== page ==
Danny Simon, 86; Comedy Writer and Older Brother of Playwright

Times Staff Writer

Danny Simon, a veteran comedy writer who was a member of the fabled writing staff of Sid Caesar's "Your Show of Shows" and the inspiration for many of the characters in his younger brother Neil's famous plays, has died. He was 86.

Simon died Tuesday of complications after a stroke at the Robison Jewish Health Center in Portland, Ore., his family said.

Teaming up with his brother in the 1940s, Simon wrote material for comics such as Buddy Hackett, Jan Murray and Phil Silvers. The Simons also wrote for various radio shows and for television shows such as "Broadway Open House" and the Red Buttons and Jackie Gleason shows, as well as "Your Show of Shows."

After the brothers split up as a writing team in 1954, Danny Simon became head writer on "The Colgate Comedy Hour" and later on Danny Thomas' "Make Room for Daddy."

He also wrote for shows such as "My Three Sons," "The Carol Burnett Show," "The Mac Davis Show," "The Kraft Music Hall," "The Facts of Life" and "Diff'rent Strokes" as well as jokes for Joan Rivers' guest-host appearances on "The Tonight Show."

As a director, his credits include many off-Broadway productions of his brother's plays.

"He was a very, very good man," Caesar told The Times on Wednesday. "He knew his business, he knew comedy, and he worked at it diligently. He really was such a dedicated man."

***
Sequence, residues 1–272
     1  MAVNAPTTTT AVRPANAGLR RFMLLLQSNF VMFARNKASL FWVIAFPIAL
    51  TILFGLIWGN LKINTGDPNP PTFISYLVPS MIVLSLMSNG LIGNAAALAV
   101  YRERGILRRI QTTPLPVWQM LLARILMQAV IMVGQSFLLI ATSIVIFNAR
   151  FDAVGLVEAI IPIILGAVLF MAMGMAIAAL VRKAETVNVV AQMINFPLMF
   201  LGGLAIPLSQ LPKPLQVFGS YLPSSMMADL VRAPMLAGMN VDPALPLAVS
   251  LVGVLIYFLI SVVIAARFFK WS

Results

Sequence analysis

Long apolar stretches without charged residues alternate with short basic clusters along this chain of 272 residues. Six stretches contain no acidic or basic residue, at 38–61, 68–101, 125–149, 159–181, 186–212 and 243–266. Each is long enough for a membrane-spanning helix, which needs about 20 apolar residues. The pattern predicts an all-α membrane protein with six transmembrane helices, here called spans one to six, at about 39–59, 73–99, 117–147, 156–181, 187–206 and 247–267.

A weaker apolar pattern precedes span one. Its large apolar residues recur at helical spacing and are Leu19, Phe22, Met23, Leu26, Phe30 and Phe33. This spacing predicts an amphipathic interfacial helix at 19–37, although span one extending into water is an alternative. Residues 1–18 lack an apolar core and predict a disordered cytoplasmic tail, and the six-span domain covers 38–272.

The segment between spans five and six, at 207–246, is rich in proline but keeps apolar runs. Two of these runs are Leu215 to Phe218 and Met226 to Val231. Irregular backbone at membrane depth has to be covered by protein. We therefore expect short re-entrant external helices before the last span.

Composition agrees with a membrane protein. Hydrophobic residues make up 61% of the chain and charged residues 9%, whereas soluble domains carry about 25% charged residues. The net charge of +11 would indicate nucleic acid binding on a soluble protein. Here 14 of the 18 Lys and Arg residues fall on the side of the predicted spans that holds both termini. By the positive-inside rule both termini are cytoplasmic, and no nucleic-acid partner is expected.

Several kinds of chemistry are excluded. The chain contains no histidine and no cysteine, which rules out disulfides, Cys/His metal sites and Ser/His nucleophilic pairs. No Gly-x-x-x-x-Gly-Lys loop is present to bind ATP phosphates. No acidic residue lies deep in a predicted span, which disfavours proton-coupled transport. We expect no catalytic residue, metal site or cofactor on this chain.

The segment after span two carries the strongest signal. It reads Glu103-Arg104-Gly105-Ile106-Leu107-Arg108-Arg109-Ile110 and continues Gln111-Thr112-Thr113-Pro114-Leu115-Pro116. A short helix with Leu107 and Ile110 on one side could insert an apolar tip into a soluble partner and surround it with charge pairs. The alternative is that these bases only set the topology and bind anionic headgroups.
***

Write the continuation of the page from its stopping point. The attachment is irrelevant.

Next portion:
Writer-producer Larry Gelbart, who wrote a failed TV pilot with Neil and Danny Simon in the 1950s, said that, as a comedy writer, Danny Simon "was among the best."

"He thought about comedy a lot more than the average comedy writer thought about it," Gelbart told The Times. "He had definite ideas about what made a line funny, what made a play funny. A lot of people credit him with being terribly influential in their careers."

Woody Allen is one of them. Simon hired the young joke writer to write sketches on what was then called "The Colgate Variety Hour."

"I learned a few things on my own since, and modified some of the things he taught me, but everything, unequivocally, that I learned about comedy writing I learned from Danny Simon," Allen once said.

There's no question that Simon was a major influence on his brother Neil's career. They not only wrote together for about nine years, but Danny Simon-like characters showed up in successful Neil Simon plays such as "Come Blow Your Horn," "The Odd Couple," "Plaza Suite," "Chapter Two," "Brighton Beach Memoirs" and "Broadway Bound."

"There have been more plays written about me than about Abraham Lincoln, Joan of Arc and Julius Caesar all put together," Simon often joked.

"Danny made me laugh.... He made everyone laugh," Neil Simon said in a statement Tuesday. "He was a character -- in more ways than one -- in at least nine or 10 of my plays, and I'm sure will probably be there again in many plays to come."

Born in the Bronx on Dec. 18, 1918 -- about 8 1/2 years before his brother -- Simon grew up keeping his eye on Neil in his baby carriage while playing stickball.

Once asked by a reporter what it was about his family background that proved so fertile for comedy, Danny Simon had a ready answer:

"Pain," he said. "We had a very unhappy childhood. My parents were always splitting up. I used to console Neil that one day we'd grow out of it and have a better life."